OTE - Oregon Travel Experience

The Hollering Place

Posted on: June 9th, 2015 in Historical Marker Details |

A strategic site for communication, trade, and travel

Where this marker now stands, the villages of Qaimisiich on this side and El-ka-titc on the spit to the west, were close enough to call across the bay for a canoe ride – hence the translation of El-ka-titc, “Hollering Place.” Coos Bay has been a trade and transportation center for thousands of years.

Camp Cast-a-way
In 1852, the chartered schooner “Captain Lincoln” ran aground directly west of here on the ocean side of the North Spit. The soldiers and crew men, en route from San Francisco to Port Orford, were shipwrecked. They survived four months bivouacked at Camp Cast-a-way, by trading with the local Natives. After the castaways were rescued, they extolled the virtues of the resources of the Coos Bay area.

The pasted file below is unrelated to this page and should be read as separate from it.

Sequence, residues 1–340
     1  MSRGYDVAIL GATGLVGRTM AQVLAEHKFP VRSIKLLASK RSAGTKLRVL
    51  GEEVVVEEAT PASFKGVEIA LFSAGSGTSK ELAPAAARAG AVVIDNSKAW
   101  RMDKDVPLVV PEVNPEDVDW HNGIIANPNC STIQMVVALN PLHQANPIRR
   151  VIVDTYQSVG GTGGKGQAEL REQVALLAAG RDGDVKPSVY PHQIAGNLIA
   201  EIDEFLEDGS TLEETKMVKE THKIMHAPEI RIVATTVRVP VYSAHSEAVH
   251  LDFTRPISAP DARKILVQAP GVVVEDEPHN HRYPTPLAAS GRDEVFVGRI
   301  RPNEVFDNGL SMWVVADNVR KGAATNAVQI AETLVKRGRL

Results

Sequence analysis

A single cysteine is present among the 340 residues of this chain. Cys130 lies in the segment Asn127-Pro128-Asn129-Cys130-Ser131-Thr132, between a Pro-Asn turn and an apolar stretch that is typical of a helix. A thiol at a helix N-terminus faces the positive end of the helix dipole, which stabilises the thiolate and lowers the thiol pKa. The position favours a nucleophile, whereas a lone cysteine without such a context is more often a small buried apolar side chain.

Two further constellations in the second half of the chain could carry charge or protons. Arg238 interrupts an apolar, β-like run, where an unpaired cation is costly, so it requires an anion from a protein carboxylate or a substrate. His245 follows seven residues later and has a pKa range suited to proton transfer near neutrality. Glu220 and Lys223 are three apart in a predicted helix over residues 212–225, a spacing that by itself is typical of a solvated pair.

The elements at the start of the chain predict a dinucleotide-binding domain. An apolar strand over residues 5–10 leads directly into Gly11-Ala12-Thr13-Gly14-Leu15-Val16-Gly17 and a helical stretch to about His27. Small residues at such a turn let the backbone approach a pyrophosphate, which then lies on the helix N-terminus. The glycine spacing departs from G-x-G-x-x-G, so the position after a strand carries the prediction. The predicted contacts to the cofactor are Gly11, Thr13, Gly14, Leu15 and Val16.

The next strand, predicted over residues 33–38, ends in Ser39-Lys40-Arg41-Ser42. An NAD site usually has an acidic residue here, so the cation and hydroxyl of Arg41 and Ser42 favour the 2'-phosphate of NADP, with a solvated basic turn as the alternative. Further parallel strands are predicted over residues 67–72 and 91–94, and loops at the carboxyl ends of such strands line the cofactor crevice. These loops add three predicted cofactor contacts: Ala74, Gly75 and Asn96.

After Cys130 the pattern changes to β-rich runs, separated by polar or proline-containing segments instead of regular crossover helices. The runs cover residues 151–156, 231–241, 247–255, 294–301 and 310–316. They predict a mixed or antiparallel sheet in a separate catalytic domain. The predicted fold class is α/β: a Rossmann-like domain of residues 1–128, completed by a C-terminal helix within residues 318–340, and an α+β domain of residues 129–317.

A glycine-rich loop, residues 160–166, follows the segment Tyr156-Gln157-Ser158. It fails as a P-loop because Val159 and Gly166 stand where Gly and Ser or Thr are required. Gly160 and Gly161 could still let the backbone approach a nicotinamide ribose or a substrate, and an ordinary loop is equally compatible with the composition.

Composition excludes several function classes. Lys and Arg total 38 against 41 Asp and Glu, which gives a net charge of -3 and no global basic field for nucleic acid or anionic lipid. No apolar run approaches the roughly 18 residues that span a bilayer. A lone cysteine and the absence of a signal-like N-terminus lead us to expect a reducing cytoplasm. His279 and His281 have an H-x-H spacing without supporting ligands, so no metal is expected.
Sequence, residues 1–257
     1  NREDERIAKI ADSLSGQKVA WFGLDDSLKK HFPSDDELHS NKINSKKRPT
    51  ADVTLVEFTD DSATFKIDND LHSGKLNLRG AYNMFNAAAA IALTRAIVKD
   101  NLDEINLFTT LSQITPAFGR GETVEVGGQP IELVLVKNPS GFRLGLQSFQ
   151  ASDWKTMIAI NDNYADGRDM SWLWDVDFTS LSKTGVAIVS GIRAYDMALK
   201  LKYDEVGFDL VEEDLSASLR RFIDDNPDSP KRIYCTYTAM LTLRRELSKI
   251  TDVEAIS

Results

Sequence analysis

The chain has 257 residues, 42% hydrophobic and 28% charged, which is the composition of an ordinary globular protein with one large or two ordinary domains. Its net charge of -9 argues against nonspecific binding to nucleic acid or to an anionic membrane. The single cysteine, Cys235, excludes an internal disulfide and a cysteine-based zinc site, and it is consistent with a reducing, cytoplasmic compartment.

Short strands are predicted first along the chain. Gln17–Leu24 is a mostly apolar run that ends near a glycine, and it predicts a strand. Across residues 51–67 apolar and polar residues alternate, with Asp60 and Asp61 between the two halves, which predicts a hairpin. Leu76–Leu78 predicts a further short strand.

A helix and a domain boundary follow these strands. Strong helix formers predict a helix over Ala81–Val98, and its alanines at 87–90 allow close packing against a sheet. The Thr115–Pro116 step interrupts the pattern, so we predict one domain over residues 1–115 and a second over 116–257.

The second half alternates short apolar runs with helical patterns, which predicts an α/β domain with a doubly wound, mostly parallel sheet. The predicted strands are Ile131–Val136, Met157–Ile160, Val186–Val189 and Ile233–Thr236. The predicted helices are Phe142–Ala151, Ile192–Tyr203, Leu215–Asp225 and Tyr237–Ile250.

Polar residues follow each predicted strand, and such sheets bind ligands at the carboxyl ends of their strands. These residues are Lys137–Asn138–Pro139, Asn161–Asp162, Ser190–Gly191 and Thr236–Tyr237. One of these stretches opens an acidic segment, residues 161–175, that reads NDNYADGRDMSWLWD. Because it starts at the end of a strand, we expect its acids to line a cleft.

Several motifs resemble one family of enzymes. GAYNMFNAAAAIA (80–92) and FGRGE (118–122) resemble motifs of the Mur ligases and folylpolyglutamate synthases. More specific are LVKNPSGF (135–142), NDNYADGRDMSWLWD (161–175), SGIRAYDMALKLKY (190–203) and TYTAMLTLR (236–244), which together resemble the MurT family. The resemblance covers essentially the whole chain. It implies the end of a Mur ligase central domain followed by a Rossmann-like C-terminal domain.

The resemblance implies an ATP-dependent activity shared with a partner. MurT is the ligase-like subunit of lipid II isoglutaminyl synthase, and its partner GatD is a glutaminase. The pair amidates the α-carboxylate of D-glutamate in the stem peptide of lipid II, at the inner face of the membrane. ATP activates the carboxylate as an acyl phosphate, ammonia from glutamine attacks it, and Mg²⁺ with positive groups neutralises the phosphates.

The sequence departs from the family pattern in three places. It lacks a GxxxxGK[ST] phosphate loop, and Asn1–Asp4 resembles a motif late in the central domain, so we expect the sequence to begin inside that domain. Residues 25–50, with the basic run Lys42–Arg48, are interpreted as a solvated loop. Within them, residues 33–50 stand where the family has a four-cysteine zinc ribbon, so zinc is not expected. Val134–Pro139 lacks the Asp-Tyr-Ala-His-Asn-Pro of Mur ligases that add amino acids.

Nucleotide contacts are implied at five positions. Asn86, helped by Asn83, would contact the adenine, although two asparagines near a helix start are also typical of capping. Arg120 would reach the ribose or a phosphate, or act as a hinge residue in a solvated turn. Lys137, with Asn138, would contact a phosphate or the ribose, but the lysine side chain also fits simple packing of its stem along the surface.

Empire City
Gold was discovered nearby in 1853. During the 1850s gold rush, Empire City became an important transportation link between sea and land travel. The docks bustled, boasting an anchorage deep enough for ocean-going ships, most bound to and from San Francisco.
The Henry Luse Mill was built here in 1855 and lumber exports became the region’s most lucrative trading commodity, along with coal. the docks were also busy handling local farm produce, dairy products, and fish harvests.
Dredging of the upper bay later allowed large shipbuilding vusineses and lumber mills to develop on the east waterfront of the peninsula at North Bend and Marshfield (today the City of Coos Bay). New railroad and highway development there also drew the population away from Empire City. After the county seat of government was moved inland to Coquille in 1896, the population in Empire City faded.

Empire City Homes
Three of the oldest houses remaining in Coos County are within walking distance. The 1869 house of Maj. Morton and Anna Tower is only one block northeast of here. The 1873 house of Capt. James and Sarah Magee is just below this wayside. The 1872 house of Charles and Minnie Tower is behind you on the north side of Newmark. This house was later owned by Patrick and Ellen Flanagan from 1874-1920.